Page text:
Graham next plans to investigate why snakes feel compelled to jump. They might feel a need to escape, or continue moving, or do it because they can. Two scientific papers due in 2020 could provide answers.

Dendrelaphis isn’t the only kind of snake with propulsive capabilities. The Chrysopelea genus includes five species found in Southeast Asia and China, among other places, that can glide through the air.

[h/t National Geographic]

9 Facts About Narcolepsy

Korrawin/iStock via Getty Images
Korrawin/iStock via Getty Images

Everyone experiences occasional daytime sleepiness, but just a small fraction of the population knows what it’s like to have narcolepsy. The disorder is defined by persistent drowsiness throughout the day, and in some cases, sleep paralysis, hallucinations, and the sudden loss of muscle control known as cataplexy. Having narcolepsy can make doing everyday activities difficult or dangerous for patients, but unlike some chronic conditions, it’s also easy to diagnose and treat. Here are some facts you should know about the condition.

1. There are two types of narcolepsy.

If everything you know about narcolepsy comes from movies and TV, you may think of it as the disease that causes people to go limp without warning. Sudden loss of muscle control is called cataplexy, and it’s the defining symptom of type 1 narcolepsy. Type 2 narcolepsy, on the other hand, is mainly characterized by fatigue. Losing motor function while awake isn’t a problem for those with type 2.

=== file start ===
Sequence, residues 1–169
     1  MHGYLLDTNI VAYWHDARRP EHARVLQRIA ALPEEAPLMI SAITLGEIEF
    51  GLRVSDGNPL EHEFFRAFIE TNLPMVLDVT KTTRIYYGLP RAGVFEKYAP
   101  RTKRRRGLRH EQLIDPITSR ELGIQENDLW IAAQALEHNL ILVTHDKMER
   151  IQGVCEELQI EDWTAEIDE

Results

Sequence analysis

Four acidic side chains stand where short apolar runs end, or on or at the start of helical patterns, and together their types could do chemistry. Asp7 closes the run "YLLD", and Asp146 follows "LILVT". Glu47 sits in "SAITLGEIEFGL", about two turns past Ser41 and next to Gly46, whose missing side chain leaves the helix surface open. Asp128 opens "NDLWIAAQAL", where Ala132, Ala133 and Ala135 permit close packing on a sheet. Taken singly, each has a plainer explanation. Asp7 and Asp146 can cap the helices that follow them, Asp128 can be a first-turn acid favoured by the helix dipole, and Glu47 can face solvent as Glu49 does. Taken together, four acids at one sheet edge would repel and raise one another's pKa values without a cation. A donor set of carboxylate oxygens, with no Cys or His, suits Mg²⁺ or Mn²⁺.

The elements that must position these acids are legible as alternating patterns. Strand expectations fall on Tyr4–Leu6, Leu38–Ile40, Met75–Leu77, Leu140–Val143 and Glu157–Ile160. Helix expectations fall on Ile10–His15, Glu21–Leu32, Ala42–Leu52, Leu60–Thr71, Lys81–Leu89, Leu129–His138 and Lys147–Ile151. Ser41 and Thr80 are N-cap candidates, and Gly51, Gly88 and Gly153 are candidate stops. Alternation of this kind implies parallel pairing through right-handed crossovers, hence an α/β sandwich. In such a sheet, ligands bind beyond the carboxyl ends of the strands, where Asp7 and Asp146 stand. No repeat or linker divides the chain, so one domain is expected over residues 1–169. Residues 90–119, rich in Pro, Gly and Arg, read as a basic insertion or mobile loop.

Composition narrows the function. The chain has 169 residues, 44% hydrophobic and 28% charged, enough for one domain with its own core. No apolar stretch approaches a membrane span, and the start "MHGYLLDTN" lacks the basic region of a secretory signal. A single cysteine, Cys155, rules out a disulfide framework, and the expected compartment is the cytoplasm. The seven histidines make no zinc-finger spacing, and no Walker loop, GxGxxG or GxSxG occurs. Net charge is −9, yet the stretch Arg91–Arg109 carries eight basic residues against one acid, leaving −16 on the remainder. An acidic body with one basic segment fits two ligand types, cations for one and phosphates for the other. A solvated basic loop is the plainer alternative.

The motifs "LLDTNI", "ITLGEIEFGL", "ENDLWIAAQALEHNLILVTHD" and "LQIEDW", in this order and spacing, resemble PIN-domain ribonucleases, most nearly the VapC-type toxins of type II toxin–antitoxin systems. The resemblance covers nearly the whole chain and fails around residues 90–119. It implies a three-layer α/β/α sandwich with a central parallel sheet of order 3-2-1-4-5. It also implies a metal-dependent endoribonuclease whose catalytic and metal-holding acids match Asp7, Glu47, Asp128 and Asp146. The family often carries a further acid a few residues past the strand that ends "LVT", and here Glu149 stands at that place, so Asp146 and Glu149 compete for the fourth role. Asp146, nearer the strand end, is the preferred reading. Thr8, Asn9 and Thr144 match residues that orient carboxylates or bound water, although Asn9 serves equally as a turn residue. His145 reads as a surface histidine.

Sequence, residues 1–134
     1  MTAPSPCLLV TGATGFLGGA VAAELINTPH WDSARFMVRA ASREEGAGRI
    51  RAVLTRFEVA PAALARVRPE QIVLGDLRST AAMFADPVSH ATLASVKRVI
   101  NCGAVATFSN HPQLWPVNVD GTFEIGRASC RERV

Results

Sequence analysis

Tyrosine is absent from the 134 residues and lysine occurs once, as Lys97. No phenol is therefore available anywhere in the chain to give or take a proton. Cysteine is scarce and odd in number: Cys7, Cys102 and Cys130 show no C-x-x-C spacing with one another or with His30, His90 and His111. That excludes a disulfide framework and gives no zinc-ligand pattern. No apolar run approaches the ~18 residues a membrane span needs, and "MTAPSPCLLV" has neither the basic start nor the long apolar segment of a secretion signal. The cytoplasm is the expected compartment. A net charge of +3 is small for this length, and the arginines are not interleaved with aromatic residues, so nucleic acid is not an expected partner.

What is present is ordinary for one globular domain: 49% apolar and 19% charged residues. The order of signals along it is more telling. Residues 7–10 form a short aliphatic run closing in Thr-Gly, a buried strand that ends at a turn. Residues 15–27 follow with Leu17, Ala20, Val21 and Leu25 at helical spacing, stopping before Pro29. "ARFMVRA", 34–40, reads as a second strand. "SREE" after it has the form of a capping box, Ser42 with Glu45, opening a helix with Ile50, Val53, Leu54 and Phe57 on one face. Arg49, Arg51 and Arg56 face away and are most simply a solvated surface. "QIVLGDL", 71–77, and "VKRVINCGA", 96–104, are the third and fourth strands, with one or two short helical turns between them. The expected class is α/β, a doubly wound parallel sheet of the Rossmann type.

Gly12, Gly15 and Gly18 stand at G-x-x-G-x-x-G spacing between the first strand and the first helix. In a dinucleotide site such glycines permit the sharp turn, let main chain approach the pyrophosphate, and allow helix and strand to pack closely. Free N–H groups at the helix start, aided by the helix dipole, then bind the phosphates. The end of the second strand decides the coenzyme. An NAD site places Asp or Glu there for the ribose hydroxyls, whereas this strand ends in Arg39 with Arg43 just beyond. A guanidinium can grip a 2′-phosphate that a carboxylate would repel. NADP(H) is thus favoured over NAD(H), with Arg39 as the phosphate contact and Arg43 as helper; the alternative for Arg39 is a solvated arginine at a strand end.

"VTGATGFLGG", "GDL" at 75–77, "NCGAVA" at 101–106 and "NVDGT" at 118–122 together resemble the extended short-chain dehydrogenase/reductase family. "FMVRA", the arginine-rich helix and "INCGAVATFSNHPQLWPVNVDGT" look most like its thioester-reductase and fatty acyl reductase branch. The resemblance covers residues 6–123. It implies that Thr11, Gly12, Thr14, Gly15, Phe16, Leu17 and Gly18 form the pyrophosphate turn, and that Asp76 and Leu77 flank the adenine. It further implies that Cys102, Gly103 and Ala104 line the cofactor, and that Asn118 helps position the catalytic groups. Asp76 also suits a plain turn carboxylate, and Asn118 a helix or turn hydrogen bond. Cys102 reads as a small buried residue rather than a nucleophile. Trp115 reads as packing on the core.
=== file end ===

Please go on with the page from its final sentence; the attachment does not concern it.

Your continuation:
2. Type 1 narcolepsy stems from a chemical deficiency.

Almost every patient with type 1 narcolepsy has low levels of hypocretin. Hypocretin is a neurochemical that regulates the wake-sleep cycle. When there isn’t enough of this chemical in the brain, people have trouble staying conscious and alert throughout the day. Most people with the second, less severe type of narcolepsy have normal hypocretin levels, with about a third of them producing low or undetectable amounts. Type 2 narcoplepsy has been studied far less than type 1 of the disorder, and scientists are still figuring out what causes it.

3. The exact causes of narcolepsy aren’t always clear.

So why do some people’s brains produce less hypocretin than others? That part has been hard for scientists to figure out. One possible explanation is that certain autoimmune disorders cause the body to attack the healthy brain cells that make this chemical. This disorder can be the result of genetic and environmental factors. Although people with narcolepsy rarely pass it down to their offspring (this happens less than 1 percent of the time), the sleep condition does occasionally crop up in family clusters, suggesting there is sometimes a genetic component at play. Head trauma that impacts the area of the brain responsible for governing sleep can also lead to narcolepsy in rare cases.

4. There are tests to diagnose narcolepsy.

If patients believe they might have narcolepsy, their doctors might ask them to detail their sleep history and keep a record of their sleep habits. There are also a few tests potential narcoleptics can take to determine if they have the condition. During a polysomnography test, patients spend the night at a medical facility with electrodes attached to their heads to monitor their breathing, eye movement, and brain activity. A multiple sleep latency test is similar, except it gauges how long it takes patients to fall asleep during the day.